Yasil Puig is the first player since Ichiro to inspire me enough to spend 40+ hours painting him on a baseball. His natural ability is off the charts, and I love those throws he makes from the outfield. Being an outfielder in my youth, I really appreciate what he can do.
The price for this Puig Artball® is my standard $2500.00 (insured postage paid). My special offer with this price is that I will include one other Yasiel Puig Artball® that will be completed at the end of this year. It is basically a two-for-one offer. The second Puig Artball® will include his final season statistics as well as any highlights/awards he may collect by the end of his regular and post season. N.L. Rookie of The Year? NLCS MVP? World Series MVP? The sky's the limit for this kid. The design will be very similar to the first one I have finished, so they will both seem like a set when looked at together.
These will be the only two Yasiel Puig Artballs® that I will have finished in his rookie season (2013), and this first one will be the only one finished while he is still playing out his rookie campaign.Are there any other current or former Dodgers that you’re planning to paint that we should be looking out for?
MS: There aren’t any on my schedule for the next year and a half, but I have painted a Dazzy Vance, Sandy Koufax, and Clayton Kershaw in the past couple of years. The Kershaw Artball® commemorates his Triple Crown season of 2011. All of those Artballs® can be found in my photo section on my Face Book art page [ link ]I understand that you are a Baseball card collector, so I was wondering how your deal with Topps for original art cards came about and what where your thoughts about seeing your artwork on an actual Baseball card?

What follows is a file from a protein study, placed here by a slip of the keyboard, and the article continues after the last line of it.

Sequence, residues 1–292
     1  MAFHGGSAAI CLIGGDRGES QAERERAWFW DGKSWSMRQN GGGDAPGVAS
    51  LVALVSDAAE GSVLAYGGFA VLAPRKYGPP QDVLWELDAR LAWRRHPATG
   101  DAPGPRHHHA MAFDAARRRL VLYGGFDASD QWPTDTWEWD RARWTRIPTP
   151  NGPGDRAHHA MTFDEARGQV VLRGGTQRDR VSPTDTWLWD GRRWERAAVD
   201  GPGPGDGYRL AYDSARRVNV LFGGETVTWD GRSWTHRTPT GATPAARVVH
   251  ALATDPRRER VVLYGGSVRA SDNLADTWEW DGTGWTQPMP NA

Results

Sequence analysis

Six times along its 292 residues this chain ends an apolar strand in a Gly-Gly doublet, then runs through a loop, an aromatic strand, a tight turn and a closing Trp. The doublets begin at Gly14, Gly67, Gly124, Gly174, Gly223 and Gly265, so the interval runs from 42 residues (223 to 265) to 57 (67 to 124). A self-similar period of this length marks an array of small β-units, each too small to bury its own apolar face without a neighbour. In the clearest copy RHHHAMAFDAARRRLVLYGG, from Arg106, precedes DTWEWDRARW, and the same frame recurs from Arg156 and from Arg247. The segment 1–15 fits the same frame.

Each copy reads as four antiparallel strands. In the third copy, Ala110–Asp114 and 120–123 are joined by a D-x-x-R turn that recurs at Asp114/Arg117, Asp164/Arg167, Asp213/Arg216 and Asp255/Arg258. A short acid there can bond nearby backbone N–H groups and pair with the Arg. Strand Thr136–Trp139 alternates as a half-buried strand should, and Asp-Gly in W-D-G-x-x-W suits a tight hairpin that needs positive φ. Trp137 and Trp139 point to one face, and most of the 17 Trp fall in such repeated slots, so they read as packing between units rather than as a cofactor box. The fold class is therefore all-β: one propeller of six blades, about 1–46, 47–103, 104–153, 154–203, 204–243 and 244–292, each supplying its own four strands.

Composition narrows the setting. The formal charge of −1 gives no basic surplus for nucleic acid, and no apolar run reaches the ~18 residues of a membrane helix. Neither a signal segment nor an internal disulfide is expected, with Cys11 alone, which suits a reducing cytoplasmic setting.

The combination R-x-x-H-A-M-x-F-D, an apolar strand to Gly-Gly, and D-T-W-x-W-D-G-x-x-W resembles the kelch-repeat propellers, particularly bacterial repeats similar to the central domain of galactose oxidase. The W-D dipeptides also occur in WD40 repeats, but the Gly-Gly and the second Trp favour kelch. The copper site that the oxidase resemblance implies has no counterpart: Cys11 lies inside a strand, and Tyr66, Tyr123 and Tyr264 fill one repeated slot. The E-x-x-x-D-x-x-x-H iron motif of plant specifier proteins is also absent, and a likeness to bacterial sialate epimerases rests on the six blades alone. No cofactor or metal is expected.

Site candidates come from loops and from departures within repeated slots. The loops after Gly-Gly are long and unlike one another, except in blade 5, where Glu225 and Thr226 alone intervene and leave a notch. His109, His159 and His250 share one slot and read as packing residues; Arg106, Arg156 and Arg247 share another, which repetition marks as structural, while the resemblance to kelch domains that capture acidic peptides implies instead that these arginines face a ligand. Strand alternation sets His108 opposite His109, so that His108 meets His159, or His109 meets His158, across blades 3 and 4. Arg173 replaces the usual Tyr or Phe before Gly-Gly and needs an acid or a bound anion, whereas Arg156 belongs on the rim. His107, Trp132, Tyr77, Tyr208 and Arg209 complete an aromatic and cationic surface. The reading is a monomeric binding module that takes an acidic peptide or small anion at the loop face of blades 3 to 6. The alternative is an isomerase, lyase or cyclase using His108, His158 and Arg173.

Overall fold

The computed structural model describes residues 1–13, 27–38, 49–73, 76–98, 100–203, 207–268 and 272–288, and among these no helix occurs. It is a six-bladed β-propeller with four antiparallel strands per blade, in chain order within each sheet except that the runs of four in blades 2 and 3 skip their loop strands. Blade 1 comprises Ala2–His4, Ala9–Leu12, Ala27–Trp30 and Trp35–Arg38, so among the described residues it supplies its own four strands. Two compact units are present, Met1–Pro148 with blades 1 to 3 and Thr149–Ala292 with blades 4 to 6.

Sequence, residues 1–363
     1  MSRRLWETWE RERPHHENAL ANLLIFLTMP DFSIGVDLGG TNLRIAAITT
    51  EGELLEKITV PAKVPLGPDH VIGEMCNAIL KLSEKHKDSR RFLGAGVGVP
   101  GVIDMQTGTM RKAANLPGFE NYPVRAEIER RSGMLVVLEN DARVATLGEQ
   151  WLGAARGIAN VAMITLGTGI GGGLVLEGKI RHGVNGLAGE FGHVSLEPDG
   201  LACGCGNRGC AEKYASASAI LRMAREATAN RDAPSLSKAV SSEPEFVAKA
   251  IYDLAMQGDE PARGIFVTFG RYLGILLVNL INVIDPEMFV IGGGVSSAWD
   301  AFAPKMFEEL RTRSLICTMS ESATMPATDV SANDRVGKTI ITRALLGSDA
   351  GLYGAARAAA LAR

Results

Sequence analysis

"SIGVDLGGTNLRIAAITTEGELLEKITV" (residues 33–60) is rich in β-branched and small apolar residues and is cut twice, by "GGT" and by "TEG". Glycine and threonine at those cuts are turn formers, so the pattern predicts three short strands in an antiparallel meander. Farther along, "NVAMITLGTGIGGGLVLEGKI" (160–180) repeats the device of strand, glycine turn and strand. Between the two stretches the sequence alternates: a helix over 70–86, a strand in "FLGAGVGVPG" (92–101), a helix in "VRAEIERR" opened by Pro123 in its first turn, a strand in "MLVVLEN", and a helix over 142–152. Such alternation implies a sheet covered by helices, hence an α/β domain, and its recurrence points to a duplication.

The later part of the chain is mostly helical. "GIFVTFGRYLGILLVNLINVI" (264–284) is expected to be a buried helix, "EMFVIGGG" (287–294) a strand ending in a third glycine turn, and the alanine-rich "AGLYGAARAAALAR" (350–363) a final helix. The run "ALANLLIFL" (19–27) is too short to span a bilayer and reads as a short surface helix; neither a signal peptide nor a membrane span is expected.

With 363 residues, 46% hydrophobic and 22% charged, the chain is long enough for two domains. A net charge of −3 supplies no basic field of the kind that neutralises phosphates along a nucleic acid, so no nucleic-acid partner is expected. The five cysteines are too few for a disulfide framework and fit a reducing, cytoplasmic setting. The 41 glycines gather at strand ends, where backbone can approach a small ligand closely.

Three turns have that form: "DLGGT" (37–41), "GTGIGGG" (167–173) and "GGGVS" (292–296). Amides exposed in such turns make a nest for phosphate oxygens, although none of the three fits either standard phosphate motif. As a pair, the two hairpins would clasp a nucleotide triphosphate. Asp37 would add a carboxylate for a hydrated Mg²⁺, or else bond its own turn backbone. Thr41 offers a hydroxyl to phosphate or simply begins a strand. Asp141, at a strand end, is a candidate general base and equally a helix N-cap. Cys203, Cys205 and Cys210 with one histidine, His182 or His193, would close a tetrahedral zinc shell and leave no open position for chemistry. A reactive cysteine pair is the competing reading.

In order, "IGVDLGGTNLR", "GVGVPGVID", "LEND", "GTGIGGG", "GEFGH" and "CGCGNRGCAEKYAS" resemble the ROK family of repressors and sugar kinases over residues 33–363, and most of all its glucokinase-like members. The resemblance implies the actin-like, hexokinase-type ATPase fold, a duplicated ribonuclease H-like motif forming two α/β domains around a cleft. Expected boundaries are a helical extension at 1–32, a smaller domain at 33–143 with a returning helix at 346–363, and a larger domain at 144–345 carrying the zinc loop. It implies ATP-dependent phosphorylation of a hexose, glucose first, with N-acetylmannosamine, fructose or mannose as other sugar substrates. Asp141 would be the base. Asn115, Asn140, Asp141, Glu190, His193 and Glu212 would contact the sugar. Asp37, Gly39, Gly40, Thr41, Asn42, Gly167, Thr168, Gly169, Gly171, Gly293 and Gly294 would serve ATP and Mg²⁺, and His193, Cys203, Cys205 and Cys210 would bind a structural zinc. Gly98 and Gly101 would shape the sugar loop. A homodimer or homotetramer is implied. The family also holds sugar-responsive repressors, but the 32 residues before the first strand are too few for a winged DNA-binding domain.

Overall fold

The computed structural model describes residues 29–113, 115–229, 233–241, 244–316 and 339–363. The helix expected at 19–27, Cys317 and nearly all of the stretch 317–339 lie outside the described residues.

MS: Since I used to make my own homemade cards when I was a kid [ link ], seeing the real thing in my hands after they were printed was like the completion of a 35-year-old dream come true. Really humbling.As a huge collector myself, what is your collecting focus? Do you have a favorite item, and what is it?
As far as that humbled feeling came to be…
Back in 2006, I had provided the baseball card hobby with the first set of cards, of which all were comprised of one-of-one, hand-painted originals, through Helmar Brewing. I happen to have sold a couple of those cards from that set to Keith Olbermann and he in turn liked them so much that he showed his friends at Topps his two cards and said that they should work with me. After a few phone calls and emails with Topps, it turned out there wasn’t a project they could use my artwork for at that time. It still put me on their radar map though.